The Kitchen Cinq
When the Rainbow Disappears: An Anthology 1965-68 (Light in the Attic)
Reviewed by Greg Beets, Fri., Oct. 23, 2015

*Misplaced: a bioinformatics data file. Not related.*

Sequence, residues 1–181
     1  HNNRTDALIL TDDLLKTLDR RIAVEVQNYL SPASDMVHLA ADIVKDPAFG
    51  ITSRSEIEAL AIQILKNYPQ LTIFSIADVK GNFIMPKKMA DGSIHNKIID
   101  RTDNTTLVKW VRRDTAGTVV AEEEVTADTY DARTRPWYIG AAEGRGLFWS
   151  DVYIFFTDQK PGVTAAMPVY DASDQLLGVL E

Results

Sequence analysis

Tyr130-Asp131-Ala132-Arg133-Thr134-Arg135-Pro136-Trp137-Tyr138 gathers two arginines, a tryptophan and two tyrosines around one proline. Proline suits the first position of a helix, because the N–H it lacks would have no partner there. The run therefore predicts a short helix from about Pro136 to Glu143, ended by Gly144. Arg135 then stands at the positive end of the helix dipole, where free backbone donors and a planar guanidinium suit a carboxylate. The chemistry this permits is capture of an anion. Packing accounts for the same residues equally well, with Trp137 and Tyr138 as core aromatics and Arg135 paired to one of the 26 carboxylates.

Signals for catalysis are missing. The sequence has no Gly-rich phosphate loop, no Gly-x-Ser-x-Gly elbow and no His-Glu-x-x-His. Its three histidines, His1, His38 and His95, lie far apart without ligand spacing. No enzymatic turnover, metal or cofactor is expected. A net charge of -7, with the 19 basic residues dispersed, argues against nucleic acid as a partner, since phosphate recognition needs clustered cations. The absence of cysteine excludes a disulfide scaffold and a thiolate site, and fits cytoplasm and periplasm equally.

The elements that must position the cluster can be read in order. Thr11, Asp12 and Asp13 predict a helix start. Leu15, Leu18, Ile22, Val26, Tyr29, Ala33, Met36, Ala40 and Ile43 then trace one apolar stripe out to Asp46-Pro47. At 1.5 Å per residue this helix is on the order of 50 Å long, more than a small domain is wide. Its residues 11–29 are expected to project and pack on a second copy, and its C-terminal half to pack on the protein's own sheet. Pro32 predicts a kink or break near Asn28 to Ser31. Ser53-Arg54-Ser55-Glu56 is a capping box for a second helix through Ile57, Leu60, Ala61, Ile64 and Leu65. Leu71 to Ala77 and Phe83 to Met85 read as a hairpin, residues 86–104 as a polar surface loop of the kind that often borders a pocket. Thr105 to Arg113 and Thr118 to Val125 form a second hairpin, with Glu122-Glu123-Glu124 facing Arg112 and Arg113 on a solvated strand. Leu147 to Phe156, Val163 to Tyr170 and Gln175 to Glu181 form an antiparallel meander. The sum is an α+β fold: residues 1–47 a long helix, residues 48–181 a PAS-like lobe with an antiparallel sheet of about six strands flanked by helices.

Despite a mid-Sixties Amarillo pedigree, the Kitchen Cinq doesn't comport with the dominant narrative of Texas garage rock. Nor do they curry the ear of psych, and certainly not country-tinged singer-songwriter Lee Hazlewood. Yet thanks to a tenuous connection with Tom Thacker, a Panhandle disc jockey-turned-West Coast promo man, the quintet went from Lone Star barn gigs to signing with Hazlewood's short-lived LHI Records and relocating to Los Angeles. Initially performing as the Illusions and the Y'alls, the label's inaugural act married fuzzed-up Merseybeat energy with emergent folk-pop vocals. 1966's "Determination" could fit alongside the Remains on the pioneering Nuggets compilation with jerk-worthy time signature and a "Now get 'em, hoss!" exhortation. A-side "You'll Be Sorry Someday" combines the busted heart vengeance of a Del Shannon record with awkward, dead-air dropouts at the chorus. After one full-length (1967's Everything But), Wrecking Crew regulars like bassist Larry Knechtel and drummer Jim Gordon took over on everything but vocals. Here the band morphed into a sunshine pop troupe in the vein of the Association. An ornate cover of Al Kooper's "The Street Song" represents the high-water mark. Though the Cinq only flirt with revelation, their musical arc makes for expert Texan archaeology.